On October 27, 2018, eleven individuals from three Jewish congregations were killed during Saturday morning services. Three of those killed – Richard Gottfried, Daniel Stein and Melvin Wax – were members of New Light Congregation. The Memorial Chapel is New Light Congregation’s deliberate, thoughtful and proactive measure to remember, honor and memorialize the events of that day on sacred ground, the site of the New Light Cemetery. Just as God commanded Joshua to erect 12 large stones “to become a memorial forever” as the isrealites crossed the Jordan River after 40 years in the desert, it is our duty and obligation to ensure that there is a “stone” that later generations can stand upon and measure.
New Light has always been a small, closely knit congregation. We are family. Family held together by our love for one another and bound by the weekly rituals of Shabbat. Like many of the victims that day, Rich, Dan and Mel served as the religious heart of New Light. They led services, read Torah and Haftorah, led our choir on the High Holy Days, and blew the shofar through the months of Elul and Tishrei. They were our leaders for the most important aspect of congregational life – the rituals. Rich, Dan and Mel were our glue for many, many years. Even now, we struggle to fill their shoes.
The Chapel also honors and remembers the other eight martyred victims. May their memories forever be a blessing.
It is fitting that these Memorials are part of the New Light Cemetery; filled with monuments to the many New Light families who have passed since the inception of the Congregation in 1909.
The Torah portion, Genesis 21:1 – 22:24 (“Vayera”), was not read that morning. In honor of those that perished, we dedicate the entry door and exterior window to the themes of that portion: the banishment of Hagar and Ishmael and the binding of Isaac. Read the Torah portion.
God is symbolized by the rays of light flowing through the tallit at the top of the window, opening Abraham’s eyes to the ram and Hagar to the nearby well. The red bush lies at the heart of both the story of Abraham and Haggar.
Abraham found that God placed the ram caught by its horns in the bush; he offers it as a burnt offering instead of his son Isaac. One lesson is that Abraham was prepared to make the ultimate sacrifice of his own flesh-and-blood and that God credited it to his merit. The shofar represents the ram and also the promise God made to Abraham to multiply his seed.
The bush also served as a shelter for Hagar’s son, Ishmael, when he was sick with thirst in the desert until God revealed the well to Hagar so she could fill the pouch with water so they both could live.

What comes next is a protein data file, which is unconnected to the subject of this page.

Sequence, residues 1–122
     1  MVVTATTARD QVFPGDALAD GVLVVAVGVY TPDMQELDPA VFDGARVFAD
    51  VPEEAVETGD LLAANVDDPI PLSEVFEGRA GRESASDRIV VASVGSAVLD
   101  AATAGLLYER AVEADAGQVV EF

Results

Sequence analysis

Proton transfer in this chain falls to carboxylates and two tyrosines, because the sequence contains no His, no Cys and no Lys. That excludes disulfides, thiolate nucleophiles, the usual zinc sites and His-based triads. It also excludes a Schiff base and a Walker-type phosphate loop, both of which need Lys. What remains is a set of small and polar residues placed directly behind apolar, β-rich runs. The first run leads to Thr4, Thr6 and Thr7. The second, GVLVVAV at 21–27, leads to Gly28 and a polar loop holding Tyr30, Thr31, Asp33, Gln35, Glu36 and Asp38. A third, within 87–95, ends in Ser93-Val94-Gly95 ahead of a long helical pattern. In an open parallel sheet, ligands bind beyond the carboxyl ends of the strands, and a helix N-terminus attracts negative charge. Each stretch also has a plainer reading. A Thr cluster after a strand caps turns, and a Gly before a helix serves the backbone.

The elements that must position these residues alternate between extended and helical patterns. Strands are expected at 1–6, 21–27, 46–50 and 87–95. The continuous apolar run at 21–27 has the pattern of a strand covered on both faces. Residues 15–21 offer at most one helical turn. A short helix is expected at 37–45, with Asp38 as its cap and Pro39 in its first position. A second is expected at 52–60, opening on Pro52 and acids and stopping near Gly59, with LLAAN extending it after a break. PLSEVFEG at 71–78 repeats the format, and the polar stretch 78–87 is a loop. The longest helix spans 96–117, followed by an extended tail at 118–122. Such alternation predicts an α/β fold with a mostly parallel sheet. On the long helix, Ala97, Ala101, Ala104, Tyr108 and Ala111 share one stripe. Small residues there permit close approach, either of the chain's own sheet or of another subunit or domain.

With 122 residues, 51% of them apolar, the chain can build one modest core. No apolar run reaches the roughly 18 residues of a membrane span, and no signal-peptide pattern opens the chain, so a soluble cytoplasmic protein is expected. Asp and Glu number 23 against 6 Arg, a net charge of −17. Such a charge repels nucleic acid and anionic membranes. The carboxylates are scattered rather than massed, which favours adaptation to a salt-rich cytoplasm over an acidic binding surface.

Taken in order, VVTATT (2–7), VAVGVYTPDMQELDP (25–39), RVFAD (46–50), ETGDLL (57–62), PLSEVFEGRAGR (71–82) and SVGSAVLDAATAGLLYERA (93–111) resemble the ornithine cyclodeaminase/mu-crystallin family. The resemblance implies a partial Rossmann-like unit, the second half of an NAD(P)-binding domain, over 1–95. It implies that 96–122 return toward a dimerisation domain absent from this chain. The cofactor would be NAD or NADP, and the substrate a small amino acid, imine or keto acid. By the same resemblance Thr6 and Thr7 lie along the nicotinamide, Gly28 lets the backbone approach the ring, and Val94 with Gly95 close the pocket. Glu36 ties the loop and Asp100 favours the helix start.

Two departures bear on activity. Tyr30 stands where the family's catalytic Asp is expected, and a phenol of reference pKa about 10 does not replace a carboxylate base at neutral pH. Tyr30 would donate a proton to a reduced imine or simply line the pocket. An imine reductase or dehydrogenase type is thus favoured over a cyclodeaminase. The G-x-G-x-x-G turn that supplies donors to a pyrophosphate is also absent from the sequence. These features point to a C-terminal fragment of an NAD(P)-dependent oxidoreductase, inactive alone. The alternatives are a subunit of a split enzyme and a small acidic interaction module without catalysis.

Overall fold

The brilliance of the Sun (right) – Oher Chodosh/New Light (“A New Light will shine on Zion”) – refers to the redemption of the Jewish people and the ingathering of the exiles as it breaks through the darkness of tragedy (dark jagged line).
The figures of Abraham and Sarah holding Isaac (lower left corner), represent the “Promise of the Covenant.”
The Lord tells both Abraham and Haggar to “lift up their eyes”. In the red bush (left) Abraham finds the ram to sacrifice in place of Isaac. Note the pieces of sacrificial animals in the bush. The flowing waters (bottom) represent Hagar and Ishmael receiving water at the well in the desert.
The Star of David – three large ones on the left panels represent the members of New Light Congregation. The eight small ones on the right panel represent the other eight victims.
History of New Light Wall Display
This Chapel serves as a historical record of the Congregation. Our founders came from small villages in Romania to escape anti-semitism. They formed what became in the 1920’s and 30’s the leading shul in Pittsburgh’s Hill District. Its members formed small and large businesses and led the renaissance in Jewish theater in Pittsburgh
The Congregation moved to Squirrel Hill in 1955, where it acquired property on the corner of Forbes Avenue and Beechwood Blvd. We currently rent space in the Beth Shalom building on the corner of Beacon and Shady Avenues.
For several years, New Light Congregation has worked with the Rauh Jewish Archives at the Heinz History Center, to create a historical record of the Congregation. Visit their site to view some of the highlights of that endeavor.
The Chapel is only one part of our Memorial. In the cemetery itself, at the top of the hill, stands a monument and bench specifically dedicated to our holy martyrs: Richard Gottfried, Daniel Stein and Melvin Wax, may their names forever be a blessing. The Callery Pear Tree stands guard next to the bench.
Callery Pear Freedom Tree
A Callery Pear Freedom Tree donated by the National September 11th Memorial and Museum in New York City. The tree is a cutting from the only living tree to survive the collapse of the twin towers in New York City on September 11, 2001. This plaque will soon stand next to the tree.
To visit the Memorial Chapel, please go to this page.